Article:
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Concern about stigma and denial of symptoms can delay diagnosis of Alzheimer disease (AD) by more than a mean of three and a half years after symptom-onset. And when caregivers are worried about stigma, the diagnosis is delayed by an average of six years, according to a survey from the Alzheimer's Foundation of America.

The findings suggest that public education about the disease may help in earlier diagnosis: two in five caregivers said lack of knowledge about AD was a barrier to diagnosis. While 92 percent of caregivers said they were aware that medications may slow the progression of symptoms, only 51 percent said they knew about the opportunity for combination therapy.

To encourage patients to discuss possible symptoms of AD, neurologists and primary care physicians should ask new patients whether they have been experiencing problems with memory or forgetfulness while avoiding speaking directly of dementia, said Carol F. Lippa, MD, Director of the Memory Disorders Center at Drexel University in Philadelphia, PA.

“Let people know that major forgetfulness does not go hand-in-hand with aging,” she said in an e-mail to Neurology Today. “It's never normal to have memory losses bad enough to interfere with functioning.” She added that neurologists should emphasize to patients that most medicines work better in the early stages of the disease and that some forms of memory loss are reversible.

The survey, I CAN: Investigating Caregivers' Attitudes and Needs, is based on interviews conducted from Jan. 30 to Feb. 8 with 539 individuals across the US who are currently caring for someone with Alzheimer disease. To view the survey, visit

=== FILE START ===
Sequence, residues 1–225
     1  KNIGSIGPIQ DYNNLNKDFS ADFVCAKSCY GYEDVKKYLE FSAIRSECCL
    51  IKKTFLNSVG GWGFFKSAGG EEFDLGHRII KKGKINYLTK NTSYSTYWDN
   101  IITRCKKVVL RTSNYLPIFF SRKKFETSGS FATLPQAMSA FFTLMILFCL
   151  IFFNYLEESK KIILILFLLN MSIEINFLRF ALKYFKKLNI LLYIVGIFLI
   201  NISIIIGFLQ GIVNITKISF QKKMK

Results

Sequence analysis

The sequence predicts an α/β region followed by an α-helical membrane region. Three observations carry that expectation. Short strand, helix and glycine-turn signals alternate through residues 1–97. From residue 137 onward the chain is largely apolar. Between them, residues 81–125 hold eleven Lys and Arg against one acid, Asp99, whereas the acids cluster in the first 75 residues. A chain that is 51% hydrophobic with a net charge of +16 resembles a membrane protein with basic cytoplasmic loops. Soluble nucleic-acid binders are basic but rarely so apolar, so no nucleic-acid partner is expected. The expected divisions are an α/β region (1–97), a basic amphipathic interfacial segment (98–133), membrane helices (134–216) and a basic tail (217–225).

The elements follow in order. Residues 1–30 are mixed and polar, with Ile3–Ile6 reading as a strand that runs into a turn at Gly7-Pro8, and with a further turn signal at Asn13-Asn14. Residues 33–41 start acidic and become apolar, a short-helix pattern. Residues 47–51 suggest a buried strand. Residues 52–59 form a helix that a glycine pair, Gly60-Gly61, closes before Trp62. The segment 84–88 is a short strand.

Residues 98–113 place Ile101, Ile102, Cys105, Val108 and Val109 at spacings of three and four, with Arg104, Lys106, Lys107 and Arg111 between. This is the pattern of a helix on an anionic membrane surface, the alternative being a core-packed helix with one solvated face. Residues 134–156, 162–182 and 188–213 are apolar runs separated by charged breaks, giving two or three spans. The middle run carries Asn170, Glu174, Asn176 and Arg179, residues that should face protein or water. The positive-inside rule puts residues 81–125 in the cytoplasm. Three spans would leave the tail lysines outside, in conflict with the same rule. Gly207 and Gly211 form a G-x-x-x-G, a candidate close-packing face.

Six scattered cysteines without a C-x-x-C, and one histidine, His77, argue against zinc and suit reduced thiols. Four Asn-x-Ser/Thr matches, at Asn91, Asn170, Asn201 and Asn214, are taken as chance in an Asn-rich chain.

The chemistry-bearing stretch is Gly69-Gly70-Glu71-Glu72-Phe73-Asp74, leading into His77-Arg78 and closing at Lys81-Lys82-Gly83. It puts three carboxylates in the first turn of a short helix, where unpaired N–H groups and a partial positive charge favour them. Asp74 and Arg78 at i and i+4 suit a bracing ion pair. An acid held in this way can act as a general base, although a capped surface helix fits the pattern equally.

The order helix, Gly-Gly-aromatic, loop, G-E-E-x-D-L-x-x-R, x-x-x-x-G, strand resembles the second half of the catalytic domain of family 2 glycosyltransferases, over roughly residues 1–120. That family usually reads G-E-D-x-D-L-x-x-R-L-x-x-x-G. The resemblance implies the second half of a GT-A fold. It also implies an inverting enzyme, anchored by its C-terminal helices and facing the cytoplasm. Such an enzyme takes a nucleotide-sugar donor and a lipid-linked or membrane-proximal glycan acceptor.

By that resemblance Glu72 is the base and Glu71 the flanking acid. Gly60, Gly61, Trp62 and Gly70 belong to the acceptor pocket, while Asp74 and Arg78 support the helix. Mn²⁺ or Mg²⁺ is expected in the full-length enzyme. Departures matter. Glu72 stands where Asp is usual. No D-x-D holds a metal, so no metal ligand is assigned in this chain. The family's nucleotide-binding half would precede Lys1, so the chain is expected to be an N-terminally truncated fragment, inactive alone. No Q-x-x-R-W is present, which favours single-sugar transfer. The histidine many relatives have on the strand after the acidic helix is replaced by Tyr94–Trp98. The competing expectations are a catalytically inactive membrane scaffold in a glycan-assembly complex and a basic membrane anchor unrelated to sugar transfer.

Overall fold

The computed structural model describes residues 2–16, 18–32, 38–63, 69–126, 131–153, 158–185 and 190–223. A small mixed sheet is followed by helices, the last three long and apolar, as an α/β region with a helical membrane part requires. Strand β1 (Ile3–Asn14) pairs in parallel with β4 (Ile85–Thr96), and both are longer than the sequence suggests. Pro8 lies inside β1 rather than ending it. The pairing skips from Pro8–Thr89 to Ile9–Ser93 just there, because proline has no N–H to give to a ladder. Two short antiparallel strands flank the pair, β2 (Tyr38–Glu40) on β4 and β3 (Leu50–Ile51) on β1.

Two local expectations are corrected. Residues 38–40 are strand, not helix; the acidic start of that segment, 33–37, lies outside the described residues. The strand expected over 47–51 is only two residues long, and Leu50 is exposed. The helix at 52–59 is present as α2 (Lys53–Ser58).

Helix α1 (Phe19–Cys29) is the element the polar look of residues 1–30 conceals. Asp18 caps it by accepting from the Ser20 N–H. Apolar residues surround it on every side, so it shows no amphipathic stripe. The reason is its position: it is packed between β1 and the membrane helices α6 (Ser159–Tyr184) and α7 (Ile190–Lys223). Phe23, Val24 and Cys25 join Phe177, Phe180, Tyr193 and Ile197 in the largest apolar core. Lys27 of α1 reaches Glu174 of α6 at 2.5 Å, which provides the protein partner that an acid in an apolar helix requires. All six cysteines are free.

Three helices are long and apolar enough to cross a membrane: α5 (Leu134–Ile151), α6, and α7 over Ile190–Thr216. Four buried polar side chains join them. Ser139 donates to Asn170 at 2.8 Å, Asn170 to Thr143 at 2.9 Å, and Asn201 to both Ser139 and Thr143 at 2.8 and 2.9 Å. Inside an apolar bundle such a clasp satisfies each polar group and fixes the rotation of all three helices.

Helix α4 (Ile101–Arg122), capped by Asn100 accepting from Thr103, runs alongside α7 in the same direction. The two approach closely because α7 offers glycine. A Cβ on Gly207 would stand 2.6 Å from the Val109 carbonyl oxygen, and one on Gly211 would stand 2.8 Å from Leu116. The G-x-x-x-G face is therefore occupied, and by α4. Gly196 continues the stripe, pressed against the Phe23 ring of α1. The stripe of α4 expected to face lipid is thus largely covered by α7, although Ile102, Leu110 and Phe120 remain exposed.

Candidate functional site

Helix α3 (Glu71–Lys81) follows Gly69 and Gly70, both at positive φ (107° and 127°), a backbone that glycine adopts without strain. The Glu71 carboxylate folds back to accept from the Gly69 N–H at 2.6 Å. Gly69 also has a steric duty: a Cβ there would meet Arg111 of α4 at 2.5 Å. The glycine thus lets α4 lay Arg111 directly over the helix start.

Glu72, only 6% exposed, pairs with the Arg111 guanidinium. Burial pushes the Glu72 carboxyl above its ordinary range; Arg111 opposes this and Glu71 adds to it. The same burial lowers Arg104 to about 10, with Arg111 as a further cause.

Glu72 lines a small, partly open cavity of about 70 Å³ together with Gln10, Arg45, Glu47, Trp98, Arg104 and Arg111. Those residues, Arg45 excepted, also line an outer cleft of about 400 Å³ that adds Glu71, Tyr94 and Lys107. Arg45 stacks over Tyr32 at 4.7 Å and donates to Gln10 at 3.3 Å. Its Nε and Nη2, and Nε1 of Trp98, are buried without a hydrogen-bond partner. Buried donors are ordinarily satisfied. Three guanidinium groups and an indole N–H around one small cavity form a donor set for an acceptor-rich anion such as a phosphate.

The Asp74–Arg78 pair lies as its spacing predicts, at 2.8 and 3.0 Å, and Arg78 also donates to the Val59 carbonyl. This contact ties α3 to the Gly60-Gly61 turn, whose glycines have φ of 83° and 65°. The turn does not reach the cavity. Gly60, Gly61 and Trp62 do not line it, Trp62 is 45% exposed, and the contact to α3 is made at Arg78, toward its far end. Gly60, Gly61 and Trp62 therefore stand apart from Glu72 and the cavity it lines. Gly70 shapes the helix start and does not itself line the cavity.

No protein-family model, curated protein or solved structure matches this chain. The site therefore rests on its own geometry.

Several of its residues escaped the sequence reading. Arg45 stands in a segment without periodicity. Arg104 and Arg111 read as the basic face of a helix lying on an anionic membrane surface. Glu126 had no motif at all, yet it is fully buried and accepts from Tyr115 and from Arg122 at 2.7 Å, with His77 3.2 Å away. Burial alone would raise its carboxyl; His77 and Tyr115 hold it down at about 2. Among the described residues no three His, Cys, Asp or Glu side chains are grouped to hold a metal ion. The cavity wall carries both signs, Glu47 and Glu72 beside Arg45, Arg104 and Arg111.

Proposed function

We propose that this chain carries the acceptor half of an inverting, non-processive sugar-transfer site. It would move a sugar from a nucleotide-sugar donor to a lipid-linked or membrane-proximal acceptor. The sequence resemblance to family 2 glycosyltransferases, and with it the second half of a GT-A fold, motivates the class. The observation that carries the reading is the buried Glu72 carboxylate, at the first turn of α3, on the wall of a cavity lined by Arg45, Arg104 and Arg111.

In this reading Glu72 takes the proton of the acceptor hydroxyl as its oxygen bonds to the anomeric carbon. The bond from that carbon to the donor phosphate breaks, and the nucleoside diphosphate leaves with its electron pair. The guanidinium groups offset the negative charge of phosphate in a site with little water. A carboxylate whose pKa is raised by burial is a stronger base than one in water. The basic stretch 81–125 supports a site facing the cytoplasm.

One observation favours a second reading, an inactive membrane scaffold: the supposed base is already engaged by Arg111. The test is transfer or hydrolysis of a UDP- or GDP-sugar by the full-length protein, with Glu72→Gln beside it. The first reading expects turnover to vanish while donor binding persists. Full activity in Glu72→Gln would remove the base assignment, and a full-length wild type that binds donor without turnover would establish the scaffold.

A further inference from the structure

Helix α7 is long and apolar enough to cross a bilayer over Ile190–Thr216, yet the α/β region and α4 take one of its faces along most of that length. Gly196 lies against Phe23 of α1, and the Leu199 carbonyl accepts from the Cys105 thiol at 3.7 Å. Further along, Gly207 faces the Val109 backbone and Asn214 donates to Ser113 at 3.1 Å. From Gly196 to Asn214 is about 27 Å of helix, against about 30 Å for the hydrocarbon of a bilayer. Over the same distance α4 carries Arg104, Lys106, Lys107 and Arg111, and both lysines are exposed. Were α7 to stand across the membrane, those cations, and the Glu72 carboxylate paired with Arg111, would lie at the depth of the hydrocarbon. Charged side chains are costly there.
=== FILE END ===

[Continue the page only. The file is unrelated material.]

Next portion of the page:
While the current administration's federal funding ban on embryonic stem cell lines created after 2001 is onerous, a more daunting barrier to stem cell research may be the patents and price of access to lines owned by the University of Wisconsin, according to authors of an editorial published in the March 24 issue of Science (24:1716–1717).

The patents are held by the Wisconsin Alumni Research Foundation (WARF), on behalf of University of Wisconsin Primate Center Assistant Professor James Thomson, VMD, PhD. In 1995, Dr. Thomson became the first scientist to isolate primate embryonic stem cells. A patent issued in 1998 claims rights to nonhuman primate and human embryonic stem cells, while the second patent, issued in 2001, specifically covers human cells. This means that all scientists in the US must sign a contract with WARF and pay user fees if they want to work with any type of embryonic stem cells.

Through an agreement with the NIH, which funded Dr. Thomson's research and therefore retains rights to the 1998 patent, WARF lowered the price it charges academic researchers for use of the cells from $5,000 to $500. To obtain a license from WARF, commercial biotechnology and pharmaceutical companies must pay an upfront fee of up to $125,000, and pay $40,000 annually to maintain the license.

In the editorial, stem cell researcher Jeanne F. Loring, PhD, and patent attorney Cathryn Campbell, PhD, write that the expensive license fees make it especially difficult for start-up biotechnology companies to conduct embryonic stem cell research. Dr. Loring, an embryologist at the Burnham Institute in La Jolla, CA, noted that when she tried to raise money for her stem cell company, Arcgen, in 1999, many venture capitalists were reluctant to invest because of concerns about the 1998 patent – specifically, that the work done by the company would be owned by someone else. The company was eventually sold because they could not raise sufficient funds, she said.

Dr. Loring said in an e-mail to Neurology Today: “Most scientists in academia know next to nothing about patents, even if they are inventors on them, and many have assumed that ‘someone’ will just overturn the WARF patents. They don't realize that patents are almost never overturned, and companies are put out of business on a regular basis because they are accused of infringing patents and can't afford to defend themselves.”